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Energy Efficiency

Three DIY Efficiency Projects To Tackle Today

Inexpensive upgrades can help you save money

You may think energy efficiency upgrades require a great deal of time and expense, but that’s not always the case. If you’re interested in making your home more efficient but don’t want to break the bank, there are several do-it-yourself projects you can tackle to increase energy savings. Let’s take a look at three inexpensive upgrades that can save energy throughout the year.

Trim Dryer Vent Hose

Level of difficulty: easy.
Supplies needed: tin snips, gloves, measuring tape and masking tape.
Estimated cost: about $25 depending on the supplies you already have.

If your dryer vent hose is too long, your dryer is working harder than it has to and using more energy than necessary. The vent hose should be long enough for you to pull the dryer out a couple feet from the wall and should form a line—it should not have a lot of slack, twists or curves. A shorter, unobstructed vent hose increases the efficiency of your dryer, allows for faster drying and reduces the buildup of lint, which is a potential fire hazard.

Simply measure, mark and trim the hose to the desired length, then reattach the hose to your dryer and exterior vent.

Seal Air Leaks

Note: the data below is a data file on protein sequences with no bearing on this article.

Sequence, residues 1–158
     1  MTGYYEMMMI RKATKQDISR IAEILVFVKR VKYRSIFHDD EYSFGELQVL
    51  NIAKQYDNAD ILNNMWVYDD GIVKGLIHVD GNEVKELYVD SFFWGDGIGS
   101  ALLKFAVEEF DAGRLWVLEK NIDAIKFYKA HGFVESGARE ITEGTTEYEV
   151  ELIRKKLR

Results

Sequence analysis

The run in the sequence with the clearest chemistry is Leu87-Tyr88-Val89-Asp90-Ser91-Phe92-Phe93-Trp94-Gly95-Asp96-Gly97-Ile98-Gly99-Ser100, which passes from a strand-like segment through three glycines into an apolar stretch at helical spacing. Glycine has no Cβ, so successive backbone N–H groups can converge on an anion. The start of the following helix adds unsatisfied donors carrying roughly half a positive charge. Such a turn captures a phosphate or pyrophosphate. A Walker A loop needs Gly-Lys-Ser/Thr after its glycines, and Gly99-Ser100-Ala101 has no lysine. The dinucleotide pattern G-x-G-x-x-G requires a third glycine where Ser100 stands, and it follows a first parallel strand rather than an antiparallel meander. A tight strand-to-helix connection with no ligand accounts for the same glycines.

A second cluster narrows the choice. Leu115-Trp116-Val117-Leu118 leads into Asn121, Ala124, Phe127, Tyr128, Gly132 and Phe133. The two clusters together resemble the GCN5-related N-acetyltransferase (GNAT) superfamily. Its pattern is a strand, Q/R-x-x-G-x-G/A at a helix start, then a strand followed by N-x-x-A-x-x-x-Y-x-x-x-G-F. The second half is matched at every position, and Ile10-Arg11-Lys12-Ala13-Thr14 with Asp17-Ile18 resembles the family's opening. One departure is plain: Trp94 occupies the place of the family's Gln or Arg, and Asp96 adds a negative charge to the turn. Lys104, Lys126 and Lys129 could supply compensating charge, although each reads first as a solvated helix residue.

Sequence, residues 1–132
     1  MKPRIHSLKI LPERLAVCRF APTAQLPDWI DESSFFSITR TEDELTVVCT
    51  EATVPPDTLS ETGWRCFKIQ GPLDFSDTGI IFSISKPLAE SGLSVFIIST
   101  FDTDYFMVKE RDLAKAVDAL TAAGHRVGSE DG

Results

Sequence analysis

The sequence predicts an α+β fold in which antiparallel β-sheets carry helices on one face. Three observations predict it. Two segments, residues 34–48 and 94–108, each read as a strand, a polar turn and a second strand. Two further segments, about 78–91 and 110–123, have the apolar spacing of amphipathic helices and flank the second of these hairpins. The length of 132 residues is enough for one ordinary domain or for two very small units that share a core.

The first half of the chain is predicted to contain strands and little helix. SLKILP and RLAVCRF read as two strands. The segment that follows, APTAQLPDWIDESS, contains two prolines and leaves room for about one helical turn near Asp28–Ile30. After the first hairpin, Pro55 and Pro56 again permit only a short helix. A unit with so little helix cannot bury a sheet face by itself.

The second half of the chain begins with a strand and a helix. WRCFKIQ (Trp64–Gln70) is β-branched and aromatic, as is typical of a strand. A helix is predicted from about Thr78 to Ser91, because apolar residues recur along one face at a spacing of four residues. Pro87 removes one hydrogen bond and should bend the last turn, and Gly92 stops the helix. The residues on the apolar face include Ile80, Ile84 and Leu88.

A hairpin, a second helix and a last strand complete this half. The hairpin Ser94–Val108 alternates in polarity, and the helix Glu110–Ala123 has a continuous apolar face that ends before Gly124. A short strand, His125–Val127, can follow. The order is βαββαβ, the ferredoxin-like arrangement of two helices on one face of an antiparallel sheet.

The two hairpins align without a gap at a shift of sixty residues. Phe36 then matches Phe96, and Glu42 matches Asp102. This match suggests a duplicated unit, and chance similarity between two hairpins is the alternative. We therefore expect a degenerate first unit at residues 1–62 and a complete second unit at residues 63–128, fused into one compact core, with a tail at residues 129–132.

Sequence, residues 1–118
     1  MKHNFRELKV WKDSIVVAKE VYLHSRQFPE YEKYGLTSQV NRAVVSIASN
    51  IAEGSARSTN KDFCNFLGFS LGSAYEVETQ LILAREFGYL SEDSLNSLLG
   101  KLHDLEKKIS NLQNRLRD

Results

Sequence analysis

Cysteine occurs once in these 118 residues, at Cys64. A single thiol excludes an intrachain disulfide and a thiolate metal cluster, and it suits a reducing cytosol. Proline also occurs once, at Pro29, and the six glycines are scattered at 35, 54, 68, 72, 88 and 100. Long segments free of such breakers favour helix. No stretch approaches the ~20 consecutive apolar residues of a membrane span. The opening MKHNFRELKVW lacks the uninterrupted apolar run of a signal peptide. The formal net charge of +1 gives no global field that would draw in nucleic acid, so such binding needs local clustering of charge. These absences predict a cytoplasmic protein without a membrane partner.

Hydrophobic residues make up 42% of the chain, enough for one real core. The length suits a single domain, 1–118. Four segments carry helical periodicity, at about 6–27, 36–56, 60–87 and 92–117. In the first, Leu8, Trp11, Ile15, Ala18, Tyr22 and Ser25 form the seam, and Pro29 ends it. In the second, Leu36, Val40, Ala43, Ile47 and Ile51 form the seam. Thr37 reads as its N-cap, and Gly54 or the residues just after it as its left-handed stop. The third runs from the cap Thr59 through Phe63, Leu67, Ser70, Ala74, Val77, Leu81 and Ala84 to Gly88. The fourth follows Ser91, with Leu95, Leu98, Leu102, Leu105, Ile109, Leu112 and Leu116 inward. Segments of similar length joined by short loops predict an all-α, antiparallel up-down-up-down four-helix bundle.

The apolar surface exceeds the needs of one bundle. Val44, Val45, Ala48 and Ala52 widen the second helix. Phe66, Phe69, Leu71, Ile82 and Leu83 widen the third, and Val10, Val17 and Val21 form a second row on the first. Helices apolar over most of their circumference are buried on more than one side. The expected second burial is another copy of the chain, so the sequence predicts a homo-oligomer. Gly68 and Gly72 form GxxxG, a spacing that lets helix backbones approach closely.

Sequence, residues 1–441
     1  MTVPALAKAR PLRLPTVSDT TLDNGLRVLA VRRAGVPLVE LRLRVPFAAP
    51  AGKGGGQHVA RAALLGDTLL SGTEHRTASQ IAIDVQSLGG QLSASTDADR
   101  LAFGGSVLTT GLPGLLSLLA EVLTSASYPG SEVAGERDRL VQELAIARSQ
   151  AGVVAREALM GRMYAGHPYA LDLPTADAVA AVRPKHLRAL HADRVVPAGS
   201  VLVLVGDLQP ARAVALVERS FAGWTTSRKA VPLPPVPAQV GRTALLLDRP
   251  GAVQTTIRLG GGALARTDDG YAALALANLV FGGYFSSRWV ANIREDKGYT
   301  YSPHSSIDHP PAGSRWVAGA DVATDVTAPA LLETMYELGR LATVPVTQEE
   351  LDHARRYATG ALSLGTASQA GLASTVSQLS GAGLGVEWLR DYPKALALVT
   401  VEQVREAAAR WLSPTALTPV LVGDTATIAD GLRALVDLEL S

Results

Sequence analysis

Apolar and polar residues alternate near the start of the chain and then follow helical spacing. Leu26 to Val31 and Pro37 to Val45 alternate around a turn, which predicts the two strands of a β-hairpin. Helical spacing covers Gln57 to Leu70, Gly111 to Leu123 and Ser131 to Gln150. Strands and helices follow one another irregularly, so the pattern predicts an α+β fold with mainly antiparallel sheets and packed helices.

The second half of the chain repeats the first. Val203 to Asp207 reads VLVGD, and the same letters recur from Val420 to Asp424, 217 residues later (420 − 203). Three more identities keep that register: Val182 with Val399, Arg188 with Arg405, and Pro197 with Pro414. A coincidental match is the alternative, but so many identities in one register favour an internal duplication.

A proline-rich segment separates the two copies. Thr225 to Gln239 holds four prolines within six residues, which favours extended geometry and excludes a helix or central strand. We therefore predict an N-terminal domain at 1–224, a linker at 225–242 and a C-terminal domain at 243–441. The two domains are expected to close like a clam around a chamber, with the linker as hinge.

Level of difficulty: moderate.
Supplies needed: caulk and caulk gun, weatherstripping, gloves, putty knife, and paper towels.
Estimated cost: $25­–$50 depending on the materials you purchase.

Sealing air leaks in your home can help you save 10%–20% on heating and cooling bills. Apply caulk around windows, doors, electrical wiring and plumbing to seal in conditioned air. You should also add weatherstripping around exterior doors, which can keep out drafts and help you control energy costs. Types of caulking and weatherstripping materials vary; ask your local hardware or home store for assistance if you’re unsure about the supplies you need. For more information, the U.S. Department of Energy provides step-by-step instructions for caulking and weatherstripping online at

Insulate Attic Stairs Opening

Level of difficulty: moderate.
Supplies needed: rigid foam board, faced blanket insulation, tape for foam board, measuring tape, utility knife, caulk and caulk gun, and plywood.
Estimated cost: $50–$100.

A properly insulated attic is one of the best ways to optimize energy savings and comfort in your home, but many homeowners don’t consider insulating the attic stairs or the opening to their attic space. Even a well-insulated attic can leak air through the stairs opening. Luckily, there’s an easy fix.

An insulated cover box can seal and insulate the attic stairs opening. You can build your own insulated cover box or purchase a prebuilt box or kit from a local home improvement store for about $60. If you decide to build your own, check out step-by-step instructions from the Department of Energy online at If your attic opening is located in a garage that you do not heat and cool, this upgrade will not be as effective.